|Citation: Urban Studies, 1998, 35, 3, 529-545|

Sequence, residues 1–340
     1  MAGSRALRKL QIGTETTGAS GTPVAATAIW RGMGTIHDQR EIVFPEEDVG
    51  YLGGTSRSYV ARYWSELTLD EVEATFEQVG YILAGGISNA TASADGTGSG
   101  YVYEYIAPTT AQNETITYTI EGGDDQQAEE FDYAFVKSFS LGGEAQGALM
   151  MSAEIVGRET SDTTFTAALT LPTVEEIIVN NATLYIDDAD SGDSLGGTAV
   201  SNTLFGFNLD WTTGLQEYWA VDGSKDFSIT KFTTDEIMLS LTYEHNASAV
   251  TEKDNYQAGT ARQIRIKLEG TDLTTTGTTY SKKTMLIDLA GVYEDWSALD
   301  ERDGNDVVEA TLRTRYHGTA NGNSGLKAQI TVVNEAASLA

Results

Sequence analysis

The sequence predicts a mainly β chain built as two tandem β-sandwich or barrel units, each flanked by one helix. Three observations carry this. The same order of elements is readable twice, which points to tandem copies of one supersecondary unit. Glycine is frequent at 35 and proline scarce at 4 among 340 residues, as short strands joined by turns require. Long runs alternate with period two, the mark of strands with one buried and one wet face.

Residential segregation interacts with the changing geography of transport and employment in urban areas to restrict access to workplaces. A growing literature suggests that spatial barriers limit the job opportunities of minority women and men in American cities. This study examines the nature and extent of geographical barriers for minority immigrants by analysing their commuting behaviour. Information from the 1990 Public Use Microdata Sample is used to compare the commuting times of immigrant and native-born minority women in central parts of the New York Consolidated Metropolitan Statistical Area. The effects of occupation, wages, family responsibilities, transport mode, year of arrival in the US and English fluency on commuting time are assessed separately for immigrant men and women. The results suggest that race/ethnic group has a larger influence on commuting times than place of birth. However, white immigrant women’s employment is less restricted by geographical barriers than that of minority immigrants. The findings confirm the diversity of immigrant women’s experiences, reinforcing the need to consider the interrelations among gender, race and class when examining urban labour markets.
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